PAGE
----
Bodyshops fear congestion crisis over courtesy cars

Bodyshops fear the London congestion charge will increase administration costs when it is introduced next week.

Bodyshop magazine publisher Chris Mann said bodyshops would be taking extra administrative strain when issuing courtesy cars to customers.

"They have to know exactly who has the car and when and could very easily charge the wrong person," he said.

"Bodyshops are responsible for paying for courtesy cars, but how easy will it be for them to get money for the congestion charge from the customers?"

He said bodyshops were not getting paid to supply courtesy cars. "I suspect this situation is something insurers don't want to get involved in," he said.

A Churchill spokeswoman said the insurer was not concerned about the congestion charge. She said customers would be charged accordingly.

Enterprise Rent-a-Car UK sales manager James Ware agreed that the administrative burden for bodyshops would be "enormous".

"We have a computer systems which diarises where the car is and when. Bodyshops do not have such a robust system," he said.

"Customers also need to be aware of the charge and take the necessary responsibility."

Mann also warned insurers against cost-cutting techniques in light of the increased pressure on repair centres. "Insurers are looking at ways to contain costs and so pass the costs down the line to the bodyshops."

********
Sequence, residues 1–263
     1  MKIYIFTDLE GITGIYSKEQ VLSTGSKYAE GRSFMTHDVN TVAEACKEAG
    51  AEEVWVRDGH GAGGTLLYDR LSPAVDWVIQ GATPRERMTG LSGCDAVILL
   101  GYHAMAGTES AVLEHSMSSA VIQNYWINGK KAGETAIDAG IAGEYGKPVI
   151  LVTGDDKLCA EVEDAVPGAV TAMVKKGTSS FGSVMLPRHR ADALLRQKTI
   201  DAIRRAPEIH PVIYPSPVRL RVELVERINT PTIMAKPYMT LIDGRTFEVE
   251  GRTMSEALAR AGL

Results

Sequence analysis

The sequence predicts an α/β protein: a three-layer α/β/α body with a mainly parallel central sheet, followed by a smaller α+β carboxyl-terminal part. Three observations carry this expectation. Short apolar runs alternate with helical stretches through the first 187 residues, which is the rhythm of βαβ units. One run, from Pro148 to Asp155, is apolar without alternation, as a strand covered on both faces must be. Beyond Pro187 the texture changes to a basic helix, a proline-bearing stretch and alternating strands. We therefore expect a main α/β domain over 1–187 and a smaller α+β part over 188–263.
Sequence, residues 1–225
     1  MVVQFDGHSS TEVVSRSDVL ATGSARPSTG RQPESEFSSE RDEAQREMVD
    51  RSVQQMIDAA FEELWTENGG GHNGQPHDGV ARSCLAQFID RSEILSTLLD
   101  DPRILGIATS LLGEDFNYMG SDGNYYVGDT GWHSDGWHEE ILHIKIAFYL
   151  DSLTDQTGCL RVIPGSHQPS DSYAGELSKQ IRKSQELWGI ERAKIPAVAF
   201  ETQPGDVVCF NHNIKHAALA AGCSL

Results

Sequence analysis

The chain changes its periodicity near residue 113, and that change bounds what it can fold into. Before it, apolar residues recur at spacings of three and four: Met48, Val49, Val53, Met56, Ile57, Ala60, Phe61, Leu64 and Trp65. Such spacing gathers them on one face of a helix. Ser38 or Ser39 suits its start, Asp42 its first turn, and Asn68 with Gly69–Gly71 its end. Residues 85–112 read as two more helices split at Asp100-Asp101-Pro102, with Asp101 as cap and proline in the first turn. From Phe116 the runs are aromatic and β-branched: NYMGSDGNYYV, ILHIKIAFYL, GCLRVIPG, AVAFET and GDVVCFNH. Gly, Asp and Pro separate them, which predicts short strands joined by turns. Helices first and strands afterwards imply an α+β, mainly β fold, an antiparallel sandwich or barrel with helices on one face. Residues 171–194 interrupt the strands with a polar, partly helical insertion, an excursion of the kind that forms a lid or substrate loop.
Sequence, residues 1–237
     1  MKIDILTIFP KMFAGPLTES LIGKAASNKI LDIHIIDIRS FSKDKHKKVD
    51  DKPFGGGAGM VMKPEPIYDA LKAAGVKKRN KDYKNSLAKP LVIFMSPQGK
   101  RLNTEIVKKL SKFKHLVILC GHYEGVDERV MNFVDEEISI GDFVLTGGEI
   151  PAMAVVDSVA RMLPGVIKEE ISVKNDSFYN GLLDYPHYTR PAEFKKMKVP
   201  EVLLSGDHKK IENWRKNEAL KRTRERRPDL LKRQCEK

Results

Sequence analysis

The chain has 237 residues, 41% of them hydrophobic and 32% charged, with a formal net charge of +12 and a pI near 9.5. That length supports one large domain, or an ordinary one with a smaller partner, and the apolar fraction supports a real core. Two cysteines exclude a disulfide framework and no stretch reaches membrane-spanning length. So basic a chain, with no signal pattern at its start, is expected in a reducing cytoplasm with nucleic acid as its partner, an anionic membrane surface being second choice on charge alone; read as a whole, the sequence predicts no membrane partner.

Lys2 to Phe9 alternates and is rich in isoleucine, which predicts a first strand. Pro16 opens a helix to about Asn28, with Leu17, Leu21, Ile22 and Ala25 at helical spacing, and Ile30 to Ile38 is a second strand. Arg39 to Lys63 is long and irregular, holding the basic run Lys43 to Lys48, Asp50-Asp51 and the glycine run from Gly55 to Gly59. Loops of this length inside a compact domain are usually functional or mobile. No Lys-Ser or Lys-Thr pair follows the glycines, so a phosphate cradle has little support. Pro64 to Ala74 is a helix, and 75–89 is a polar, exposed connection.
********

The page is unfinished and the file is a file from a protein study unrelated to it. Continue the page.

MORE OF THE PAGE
"They think they are saving money but they are not."

He stressed the importance of repair centres to insurers and said: "If there were no bodyshops, what would insurers do?"

Mann said insurers in the UK failed to apply pressure to speed up the repair process and took no responsibility if a supply problem arose. The onus, he said, was on the bodyshop.

"I'd like to see a similar situation happen like in the US," said Mann.

"Motorists pay an additional fee to the premium which entitles them to a loan car. This is paid for by the insurance company. The bodyshops also have car hire counters. If motorists choose not to pay the additional premium, they get a loan car for three days and are then offered a competitive deal with a rental company."

  • The congestion charge will also hit building repair networks, according to GAB Robins' Sergon. It will incur cost increases of a few percent for repair jobs that will be carried out within the central London congestion charge area.

    Sergon said that while this will not have a substantial effect because of the relatively low number of jobs undertaken in the area, any further expansion in congestion charging would have to be made up.

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